Why a diagnosis isn’t a “label”

I got super far ahead and writing blog posts. I think I’ve got several queued up to post the next couple weeks. But I just have to write about something when it comes up in my practice or my personal life and I get excited to talk about it. Today I want to talk about the idea of a diagnosis being a label, in other words, a bad thing.

I have heard so many people, mostly parents refer to an add diagnosis as a label. They are deathly afraid of their child being labeled, categorized, maybe even stigmatized. I’ve had clients who were diagnosed as kids and their parents never told them. And they end up in my office trying to manage their ADHD wishing they’d had a chance to start that process 20 years earlier. I think it’s really important to talk about this

A lot of this comes for the underlying societal bias against ADHD. Can you imagine a parent refusing to take their child to get an eye test because they were worried about them being found to be nearsighted and then stigmatized because they have to wear glasses? Can you imagine a parent not wanting to get their kid diagnosed with cancer as soon as possible so they can start treatment and live? Would you resist saying you were diabetic, if you were diabetic? I realized there is a certain amount of denial present in human nature. But the level to which I’ve seen parents deny ADHD and sometimes other psychiatric issues, blows my mind.

I just can’t think of an instance where it’s not better to know what you’re dealing with and be able to fix it, treat it, face it head on. I think it’s time we fought even harder against the stigma of psychiatric diagnoses. And on an anecdotal level, I’m seeing the younger generation of teens and 20 somethings being much more open about there “neurodivergence.” To a certain extent, I think that lumping all of our issues into a fun word like neurodivergence is a bit of a way to hide from the stigma of an individual diagnosis. But on the other hand, I love how these kids are embracing who they are.

Let’s be honest. As neurodivergent people, we are somewhat of an invisible but oppressed minority. We need to take control of our own narrative. Just like black power, women’s empowerment, gay rights, trans rights. All of these populations at least give the impression that they’re proud of who they are. And I think they should be. Owning who you are and being proud of it is a cornerstone in building happiness, if you ask me. As a white man, you wouldn’t look at me and think I identify with these populations. But I do. My severe ADHD is adversity. You might not see it on the surface. But it has defined who I am and how I move about in the world.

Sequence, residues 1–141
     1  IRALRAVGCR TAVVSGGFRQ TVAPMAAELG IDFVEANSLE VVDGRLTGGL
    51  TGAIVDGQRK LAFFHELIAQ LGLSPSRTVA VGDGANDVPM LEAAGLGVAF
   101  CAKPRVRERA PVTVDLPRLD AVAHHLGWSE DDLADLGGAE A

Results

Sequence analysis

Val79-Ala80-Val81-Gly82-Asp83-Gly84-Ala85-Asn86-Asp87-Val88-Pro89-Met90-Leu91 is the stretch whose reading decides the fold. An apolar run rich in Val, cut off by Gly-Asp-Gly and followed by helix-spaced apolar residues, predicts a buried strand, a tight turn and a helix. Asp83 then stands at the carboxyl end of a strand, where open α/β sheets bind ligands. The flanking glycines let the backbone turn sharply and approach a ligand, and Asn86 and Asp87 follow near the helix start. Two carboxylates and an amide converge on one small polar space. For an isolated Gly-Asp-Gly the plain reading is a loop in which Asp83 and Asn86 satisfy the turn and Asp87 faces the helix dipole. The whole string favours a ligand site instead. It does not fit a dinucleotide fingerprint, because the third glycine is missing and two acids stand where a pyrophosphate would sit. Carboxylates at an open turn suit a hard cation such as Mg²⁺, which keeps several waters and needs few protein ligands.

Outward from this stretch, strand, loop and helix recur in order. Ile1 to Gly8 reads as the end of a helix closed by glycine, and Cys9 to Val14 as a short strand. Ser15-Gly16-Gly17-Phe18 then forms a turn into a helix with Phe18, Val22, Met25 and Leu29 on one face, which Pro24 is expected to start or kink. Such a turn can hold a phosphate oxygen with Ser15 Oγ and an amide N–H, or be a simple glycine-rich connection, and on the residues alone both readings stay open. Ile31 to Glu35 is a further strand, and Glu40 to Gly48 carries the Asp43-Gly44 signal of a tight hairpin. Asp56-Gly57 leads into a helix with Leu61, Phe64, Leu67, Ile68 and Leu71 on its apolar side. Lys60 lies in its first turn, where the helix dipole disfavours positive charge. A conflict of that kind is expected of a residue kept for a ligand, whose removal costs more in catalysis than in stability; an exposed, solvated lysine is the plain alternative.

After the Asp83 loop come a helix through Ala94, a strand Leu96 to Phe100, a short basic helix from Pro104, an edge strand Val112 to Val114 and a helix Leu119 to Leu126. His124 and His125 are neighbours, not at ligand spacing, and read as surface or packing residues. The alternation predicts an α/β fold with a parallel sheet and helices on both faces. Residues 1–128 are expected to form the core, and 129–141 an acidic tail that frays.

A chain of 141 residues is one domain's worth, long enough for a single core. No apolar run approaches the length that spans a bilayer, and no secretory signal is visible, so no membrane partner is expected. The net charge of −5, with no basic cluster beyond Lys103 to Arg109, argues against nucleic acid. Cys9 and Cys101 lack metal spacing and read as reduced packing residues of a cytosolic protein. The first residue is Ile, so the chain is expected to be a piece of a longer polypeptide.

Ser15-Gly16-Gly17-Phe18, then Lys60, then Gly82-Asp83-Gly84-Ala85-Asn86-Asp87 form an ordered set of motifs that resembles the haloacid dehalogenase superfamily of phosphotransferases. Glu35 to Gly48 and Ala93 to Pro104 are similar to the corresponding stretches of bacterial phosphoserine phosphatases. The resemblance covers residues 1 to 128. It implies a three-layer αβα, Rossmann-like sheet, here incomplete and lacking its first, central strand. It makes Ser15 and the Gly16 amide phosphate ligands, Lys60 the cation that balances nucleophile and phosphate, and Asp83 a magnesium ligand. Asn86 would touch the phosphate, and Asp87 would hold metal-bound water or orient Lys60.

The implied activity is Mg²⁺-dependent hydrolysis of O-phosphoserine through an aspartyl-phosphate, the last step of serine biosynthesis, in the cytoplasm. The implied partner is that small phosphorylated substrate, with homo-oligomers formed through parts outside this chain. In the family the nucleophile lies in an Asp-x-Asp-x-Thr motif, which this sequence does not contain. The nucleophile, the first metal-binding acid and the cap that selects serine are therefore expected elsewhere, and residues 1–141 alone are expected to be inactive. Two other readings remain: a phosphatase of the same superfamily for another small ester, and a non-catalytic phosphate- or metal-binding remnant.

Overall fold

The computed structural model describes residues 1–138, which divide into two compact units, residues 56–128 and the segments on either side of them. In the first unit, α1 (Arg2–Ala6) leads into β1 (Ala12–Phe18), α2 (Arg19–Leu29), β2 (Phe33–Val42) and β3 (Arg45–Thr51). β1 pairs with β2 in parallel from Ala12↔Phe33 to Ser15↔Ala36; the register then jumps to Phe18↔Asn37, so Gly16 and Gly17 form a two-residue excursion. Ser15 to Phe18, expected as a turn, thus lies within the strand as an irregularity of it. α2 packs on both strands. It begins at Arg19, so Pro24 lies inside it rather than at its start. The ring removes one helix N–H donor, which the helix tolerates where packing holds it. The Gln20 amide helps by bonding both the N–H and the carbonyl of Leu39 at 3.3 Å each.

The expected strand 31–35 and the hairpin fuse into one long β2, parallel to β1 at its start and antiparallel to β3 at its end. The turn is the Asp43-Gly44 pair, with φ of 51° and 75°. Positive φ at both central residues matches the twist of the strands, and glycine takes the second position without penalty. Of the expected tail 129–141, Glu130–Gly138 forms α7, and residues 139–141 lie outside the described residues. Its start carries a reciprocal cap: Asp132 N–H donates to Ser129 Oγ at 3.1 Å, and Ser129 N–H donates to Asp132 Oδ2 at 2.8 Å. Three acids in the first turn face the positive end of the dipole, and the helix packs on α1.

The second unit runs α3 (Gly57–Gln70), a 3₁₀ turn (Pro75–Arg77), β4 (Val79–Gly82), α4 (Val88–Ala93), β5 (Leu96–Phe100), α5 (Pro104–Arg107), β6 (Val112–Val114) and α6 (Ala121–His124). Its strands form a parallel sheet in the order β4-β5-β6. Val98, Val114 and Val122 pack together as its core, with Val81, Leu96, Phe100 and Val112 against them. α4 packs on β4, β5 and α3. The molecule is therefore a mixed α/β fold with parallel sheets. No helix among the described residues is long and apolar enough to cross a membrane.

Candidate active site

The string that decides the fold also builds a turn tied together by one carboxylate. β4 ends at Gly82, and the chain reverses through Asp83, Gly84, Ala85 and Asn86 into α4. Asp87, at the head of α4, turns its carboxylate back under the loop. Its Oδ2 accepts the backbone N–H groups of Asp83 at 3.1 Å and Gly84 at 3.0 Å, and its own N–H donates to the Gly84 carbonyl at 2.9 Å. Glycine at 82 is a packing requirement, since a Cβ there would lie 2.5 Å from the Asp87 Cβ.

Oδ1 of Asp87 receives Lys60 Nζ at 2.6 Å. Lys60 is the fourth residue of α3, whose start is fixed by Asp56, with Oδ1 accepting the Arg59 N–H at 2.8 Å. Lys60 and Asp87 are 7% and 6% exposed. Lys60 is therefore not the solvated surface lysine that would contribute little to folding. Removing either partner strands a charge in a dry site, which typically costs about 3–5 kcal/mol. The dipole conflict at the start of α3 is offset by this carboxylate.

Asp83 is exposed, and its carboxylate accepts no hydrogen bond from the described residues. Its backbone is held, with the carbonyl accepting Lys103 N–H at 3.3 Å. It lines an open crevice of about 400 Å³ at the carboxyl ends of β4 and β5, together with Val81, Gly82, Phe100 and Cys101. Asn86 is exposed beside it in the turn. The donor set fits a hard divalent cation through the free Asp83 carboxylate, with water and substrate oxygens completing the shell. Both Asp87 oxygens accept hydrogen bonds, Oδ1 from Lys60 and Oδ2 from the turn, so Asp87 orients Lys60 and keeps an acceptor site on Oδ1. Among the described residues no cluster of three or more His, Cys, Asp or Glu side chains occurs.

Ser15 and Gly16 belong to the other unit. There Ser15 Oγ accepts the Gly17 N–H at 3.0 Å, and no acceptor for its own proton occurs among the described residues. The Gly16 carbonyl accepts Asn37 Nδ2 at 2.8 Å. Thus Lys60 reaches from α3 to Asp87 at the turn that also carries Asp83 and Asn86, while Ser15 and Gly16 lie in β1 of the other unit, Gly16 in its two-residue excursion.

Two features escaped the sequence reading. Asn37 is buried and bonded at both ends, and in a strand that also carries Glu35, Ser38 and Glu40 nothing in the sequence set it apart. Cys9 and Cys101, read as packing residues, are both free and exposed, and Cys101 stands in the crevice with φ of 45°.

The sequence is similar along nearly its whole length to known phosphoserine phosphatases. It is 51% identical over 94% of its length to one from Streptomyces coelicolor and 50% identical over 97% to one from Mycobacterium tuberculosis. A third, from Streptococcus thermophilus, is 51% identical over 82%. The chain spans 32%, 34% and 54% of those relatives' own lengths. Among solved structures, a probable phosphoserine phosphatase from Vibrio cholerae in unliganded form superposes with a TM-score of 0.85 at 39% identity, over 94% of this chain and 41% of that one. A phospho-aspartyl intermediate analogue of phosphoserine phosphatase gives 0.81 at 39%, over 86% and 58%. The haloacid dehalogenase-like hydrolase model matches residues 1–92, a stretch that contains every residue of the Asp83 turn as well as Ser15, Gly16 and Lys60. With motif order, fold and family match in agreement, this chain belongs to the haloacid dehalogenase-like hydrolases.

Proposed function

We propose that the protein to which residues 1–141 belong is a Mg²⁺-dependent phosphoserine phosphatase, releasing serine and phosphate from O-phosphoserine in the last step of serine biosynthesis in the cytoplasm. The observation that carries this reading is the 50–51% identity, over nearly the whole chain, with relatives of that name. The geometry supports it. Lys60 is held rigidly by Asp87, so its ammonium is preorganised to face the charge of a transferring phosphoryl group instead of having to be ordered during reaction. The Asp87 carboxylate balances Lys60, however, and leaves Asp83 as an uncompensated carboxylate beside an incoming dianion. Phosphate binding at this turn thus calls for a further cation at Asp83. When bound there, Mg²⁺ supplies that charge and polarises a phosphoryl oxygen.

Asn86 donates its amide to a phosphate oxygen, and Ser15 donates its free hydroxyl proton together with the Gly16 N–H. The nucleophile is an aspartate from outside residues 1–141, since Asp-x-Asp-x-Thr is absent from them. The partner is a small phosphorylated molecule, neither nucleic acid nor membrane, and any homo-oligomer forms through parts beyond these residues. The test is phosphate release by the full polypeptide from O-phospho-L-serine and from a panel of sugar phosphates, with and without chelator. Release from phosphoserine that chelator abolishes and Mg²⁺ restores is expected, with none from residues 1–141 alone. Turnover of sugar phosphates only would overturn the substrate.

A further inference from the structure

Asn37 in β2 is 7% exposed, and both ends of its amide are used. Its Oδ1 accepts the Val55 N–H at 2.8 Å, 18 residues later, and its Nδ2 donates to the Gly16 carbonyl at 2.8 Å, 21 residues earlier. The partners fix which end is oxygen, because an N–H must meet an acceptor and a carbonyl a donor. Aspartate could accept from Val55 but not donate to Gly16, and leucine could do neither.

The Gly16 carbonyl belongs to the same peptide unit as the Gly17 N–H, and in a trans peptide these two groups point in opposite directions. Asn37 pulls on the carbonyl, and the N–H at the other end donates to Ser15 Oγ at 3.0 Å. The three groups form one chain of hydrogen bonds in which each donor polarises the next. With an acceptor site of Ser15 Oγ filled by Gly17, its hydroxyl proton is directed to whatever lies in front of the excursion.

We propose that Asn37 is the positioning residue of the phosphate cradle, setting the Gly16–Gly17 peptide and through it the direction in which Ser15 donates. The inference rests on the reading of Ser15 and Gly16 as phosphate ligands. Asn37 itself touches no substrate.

I can only imagine the pain that I would have suffered, and how much worse everything that was already tough would have been if I hadn’t been diagnosed, hadn’t been included in my own diagnosis and path afterwards, or if I hadn’t been treated for my adhd. Thankfully I have parents who always included me and were always honest with me. I will always be grateful to them for that.

now that I’m writing this, I’m remembering, around the time of my diagnosis that I really embraced the idea that I was “weird.” As I look back, that was my 10 or 11 year old way of saying that, I’m different. And I’m sure there was some amount of psychological protectionism going on by owning the thing that I couldn’t control and it set me apart. But I do honestly believe that there we’re seeds of the self-confidence, self-possession, and intensity that I embody today. I am truly proud of who I am. I have some weaknesses. We all do. But I also have a lot of strengths. The fact that most of my weaknesses stem from my ADHD doesn’t bother me. Because I don’t let it. A lot of my strengths, one could argue, come from my ADHD personality or from the adversity I faced growing up with severe ADHD. I’m wired differently. I could have spent my whole life fighting that. But because I embrace it, I’m leaving my best life. I suggest you do the same for yourself and that you especially give that gift to your children.

Also, for those who may be interested in checking out my new YouTube channel, I’ve been going under the assumption that I was going to be writing about different topics that I was going to be talking about on youtube. But I felt really inspired to do both on the same topic today. Also I tend to think the YouTube people and the blog people are probably going to be different people. But then I can talk about the same issue from two different perspectives. My point is I’m still ironing this out. Roll with me. And feel free to check out both.

Standard disclaimer: I promised myself when I started this blog that I would post regularly, hopefully weekly. In order to achieve this goal, I have to fight against my own perfectionists. That means I edit very little if at all. I’m focusing on content not on detail. So please forgive any mypellings grammatical / punctuation mishaps, and anything Strange like weird capitalizations due to my using voice recognition.